Finally the entire hungry pack of ten was upon him, zipping in and out, some feigning attacks while others sailed in for a quick slash then darted back out of harm’s way before the weakened bull could counter. Before long they maneuvered him into deeper snow which rose halfway up his legs and further hampered his movements. He bellowed in rage at having been trapped so easily, his enfeebled efforts a parody of the mastery with which he had dominated such predators in the past..

A loud crack split the air! The same he had heard in the woods. The same that had sounded when the terrible pain had exploded in his flank. Another loud crack and the pack vanished.

Both hindquarters resting awkwardly in the bloodstained snow, the gasping moose peered out through clouded vision at the approaching men. He recognized their upright shapes and for a moment felt they might have driven the pack off to help him. Then he heard the same obscene noise he had heard in the woods – the triumphant yelping that had filled the air shortly after the pain had entered his rear leg.

Rodner tried vainly to rise but could not. He snorted a weak challenge at the advancing hunters, but his ailing body would not comply with his urgent commands to rise and do battle. The men yelled and several shots rang out! Rodner felt something hot and heavy enter his chest and all went black.

He ran through a world of utter darkness. It was peaceful and quiet. Though he saw nothing and could not feel his own body, the ethereal nature of his being was one of … comfort. And then the tranquil world of darkness was gone.

Lights flared everywhere and he peered silently at a scene unlike any his eyes had ever beheld. Swarms of the two-legged creatures were everywhere, staggering and swaying about – some sitting, others standing – all making coarse, vulgar noises. Rodner saw them through a cold haze, their voices coming from some distant void … He knew not where he was, nor if he were alive or dead. But he could neither shut his eyes nor gallop away. Something held him stock still. He felt empty and impotent. What had become of the peaceful dark he had known so briefly?

Banished into a horrid limbo where he held vigil over the treacherous creatures who had destroyed him, the spirit of the proud young bull fell into a mire of despair. Respite came only when the queer world was deserted and he stared sullenly into a dreary night. It went on: the lights … the crowds … the noise … and the worst of times when the creatures even mocked him. Would it ever end … ?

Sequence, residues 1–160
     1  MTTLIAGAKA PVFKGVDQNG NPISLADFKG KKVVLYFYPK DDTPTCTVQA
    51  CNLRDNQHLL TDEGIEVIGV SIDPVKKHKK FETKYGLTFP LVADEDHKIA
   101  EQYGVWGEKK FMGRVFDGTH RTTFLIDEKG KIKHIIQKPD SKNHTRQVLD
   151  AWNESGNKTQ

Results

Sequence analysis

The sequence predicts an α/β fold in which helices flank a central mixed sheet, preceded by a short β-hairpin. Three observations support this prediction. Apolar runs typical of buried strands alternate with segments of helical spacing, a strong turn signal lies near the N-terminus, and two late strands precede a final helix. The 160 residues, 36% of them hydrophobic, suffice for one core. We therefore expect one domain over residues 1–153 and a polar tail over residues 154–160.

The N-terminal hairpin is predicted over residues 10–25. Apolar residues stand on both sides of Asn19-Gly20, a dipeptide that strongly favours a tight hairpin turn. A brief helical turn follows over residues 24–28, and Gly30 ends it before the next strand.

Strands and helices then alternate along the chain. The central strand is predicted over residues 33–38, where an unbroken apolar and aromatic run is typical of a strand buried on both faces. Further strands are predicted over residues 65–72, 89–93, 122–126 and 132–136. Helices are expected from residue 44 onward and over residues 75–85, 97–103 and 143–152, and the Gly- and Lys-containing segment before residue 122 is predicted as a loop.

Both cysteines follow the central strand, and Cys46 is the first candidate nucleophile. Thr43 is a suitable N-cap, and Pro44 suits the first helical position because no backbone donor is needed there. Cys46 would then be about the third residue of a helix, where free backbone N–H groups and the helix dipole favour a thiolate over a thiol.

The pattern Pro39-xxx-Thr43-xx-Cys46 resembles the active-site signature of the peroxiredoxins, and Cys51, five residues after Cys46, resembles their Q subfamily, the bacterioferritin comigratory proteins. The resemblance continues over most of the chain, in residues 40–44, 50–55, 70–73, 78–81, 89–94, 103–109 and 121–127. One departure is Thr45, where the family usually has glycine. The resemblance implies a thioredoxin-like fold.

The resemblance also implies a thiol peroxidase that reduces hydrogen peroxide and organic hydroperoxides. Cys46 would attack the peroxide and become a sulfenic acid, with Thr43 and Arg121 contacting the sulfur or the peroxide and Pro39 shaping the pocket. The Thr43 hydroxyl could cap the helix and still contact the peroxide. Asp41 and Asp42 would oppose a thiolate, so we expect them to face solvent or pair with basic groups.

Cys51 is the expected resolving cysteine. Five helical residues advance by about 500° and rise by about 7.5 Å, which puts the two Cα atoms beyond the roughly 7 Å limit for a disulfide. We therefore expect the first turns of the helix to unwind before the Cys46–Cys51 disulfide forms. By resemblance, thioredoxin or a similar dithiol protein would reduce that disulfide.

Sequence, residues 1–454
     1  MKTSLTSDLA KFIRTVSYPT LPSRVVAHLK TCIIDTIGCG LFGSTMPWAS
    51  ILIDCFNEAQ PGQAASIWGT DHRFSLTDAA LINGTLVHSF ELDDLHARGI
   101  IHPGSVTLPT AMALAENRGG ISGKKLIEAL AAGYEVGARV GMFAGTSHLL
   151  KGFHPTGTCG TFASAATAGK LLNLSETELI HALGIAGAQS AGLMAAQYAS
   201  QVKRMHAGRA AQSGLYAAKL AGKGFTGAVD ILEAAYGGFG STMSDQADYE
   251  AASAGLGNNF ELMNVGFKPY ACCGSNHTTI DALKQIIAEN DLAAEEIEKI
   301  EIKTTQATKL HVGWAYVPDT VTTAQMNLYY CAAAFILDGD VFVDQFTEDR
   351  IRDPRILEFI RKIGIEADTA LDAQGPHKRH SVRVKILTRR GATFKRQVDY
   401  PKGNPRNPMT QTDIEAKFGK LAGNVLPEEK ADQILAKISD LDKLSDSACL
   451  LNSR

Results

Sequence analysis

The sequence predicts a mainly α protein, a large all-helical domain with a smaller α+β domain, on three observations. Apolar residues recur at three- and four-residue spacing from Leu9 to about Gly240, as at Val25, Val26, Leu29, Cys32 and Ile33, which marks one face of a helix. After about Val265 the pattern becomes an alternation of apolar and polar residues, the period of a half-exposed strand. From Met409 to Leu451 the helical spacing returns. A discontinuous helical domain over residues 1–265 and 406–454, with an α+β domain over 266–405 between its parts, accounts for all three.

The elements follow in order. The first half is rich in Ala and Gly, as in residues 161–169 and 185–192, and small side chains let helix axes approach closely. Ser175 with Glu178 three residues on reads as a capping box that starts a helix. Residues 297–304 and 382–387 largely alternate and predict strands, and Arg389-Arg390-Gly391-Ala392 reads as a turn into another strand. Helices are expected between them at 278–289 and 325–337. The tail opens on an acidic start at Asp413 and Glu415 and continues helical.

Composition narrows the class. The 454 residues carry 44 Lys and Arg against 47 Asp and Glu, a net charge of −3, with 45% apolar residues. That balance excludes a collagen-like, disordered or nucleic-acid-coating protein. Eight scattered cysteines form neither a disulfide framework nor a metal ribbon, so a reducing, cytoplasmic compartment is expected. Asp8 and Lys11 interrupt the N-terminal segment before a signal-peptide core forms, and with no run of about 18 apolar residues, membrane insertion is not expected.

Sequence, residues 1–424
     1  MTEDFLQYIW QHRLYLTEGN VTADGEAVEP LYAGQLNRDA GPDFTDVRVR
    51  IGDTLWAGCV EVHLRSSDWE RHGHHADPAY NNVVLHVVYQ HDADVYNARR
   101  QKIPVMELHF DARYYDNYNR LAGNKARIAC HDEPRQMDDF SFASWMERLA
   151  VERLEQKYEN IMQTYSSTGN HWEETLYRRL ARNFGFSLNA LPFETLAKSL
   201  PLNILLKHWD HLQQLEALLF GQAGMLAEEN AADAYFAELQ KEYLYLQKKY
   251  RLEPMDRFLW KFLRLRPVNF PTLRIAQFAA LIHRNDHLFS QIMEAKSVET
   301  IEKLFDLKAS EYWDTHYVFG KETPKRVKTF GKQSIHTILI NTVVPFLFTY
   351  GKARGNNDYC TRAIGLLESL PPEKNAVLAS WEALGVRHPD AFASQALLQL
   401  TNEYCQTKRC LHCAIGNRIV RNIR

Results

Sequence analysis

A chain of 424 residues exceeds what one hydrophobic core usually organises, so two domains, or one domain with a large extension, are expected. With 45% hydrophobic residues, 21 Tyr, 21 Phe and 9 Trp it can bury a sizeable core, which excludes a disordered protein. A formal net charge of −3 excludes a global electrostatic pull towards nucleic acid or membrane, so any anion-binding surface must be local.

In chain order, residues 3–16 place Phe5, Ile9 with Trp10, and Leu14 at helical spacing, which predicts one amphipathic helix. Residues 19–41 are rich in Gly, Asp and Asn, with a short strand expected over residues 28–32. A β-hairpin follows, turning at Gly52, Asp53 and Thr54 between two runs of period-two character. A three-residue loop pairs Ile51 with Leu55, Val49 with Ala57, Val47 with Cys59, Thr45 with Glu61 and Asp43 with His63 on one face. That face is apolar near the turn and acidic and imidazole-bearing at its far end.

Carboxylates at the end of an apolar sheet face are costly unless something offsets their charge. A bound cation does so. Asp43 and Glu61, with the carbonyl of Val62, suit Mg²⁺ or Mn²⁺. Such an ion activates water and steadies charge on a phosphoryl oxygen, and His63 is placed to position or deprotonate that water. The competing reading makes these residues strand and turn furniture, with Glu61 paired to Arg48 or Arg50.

“Max … Hey … Maxie! C’mon!”

Rodner sat bolt upright. He blinked. “Wha — ?”

“Hey man, you gonna stare at that head all night?”

Maxie Rodner blinked his eyes again and shook his head. He was facing Kevin his young bartender. The blonde youth smiled and shook his head back at his employer.

“What’s going on with you, Maxie?” said Kevin. “You been staring at ol’ Boris for damn near a half-hour now. You ain’t even touched that last drink I gave you.”

Maxie reached up and felt his face, then ran his hand over the top of his head, feeling the thinning brown hair. He looked down at his chubby form still resting on the stool. He tried to speak but made only a few incoherent sounds.

Kevin eyed him, puzzled. “Hey, uh, tell you what boss … Why don’t you call it a night and let me finish up with all these clowns? You ain’t looking too good.”

Rodner nodded. He breathed a long sigh. “Yeah … sure.” He cleared his eyes with his fingers. Kevin nodded to him then turned again to his duties.

“Uh … Kev,” Rodner said suddenly. Kevin turned back to him. “Look … tomorrow we’re gonna take down that head,” Rodner said, gesturing up at the wall without looking at it. “It ain’t right. Y’know? I mean the thing don’t really belong up there …”Kevin nodded at Rodner strangely then smiled, giving his boss another puzzled look.

“Sure Maxie. Whatever you say.” He paused. “But, uh, what do we do with it?”

Rodner drew a breath then finally gazed back up at the moose head, meeting its eyes only briefly, then turned back to face Kevin. “Bury it, man. It’s dead.”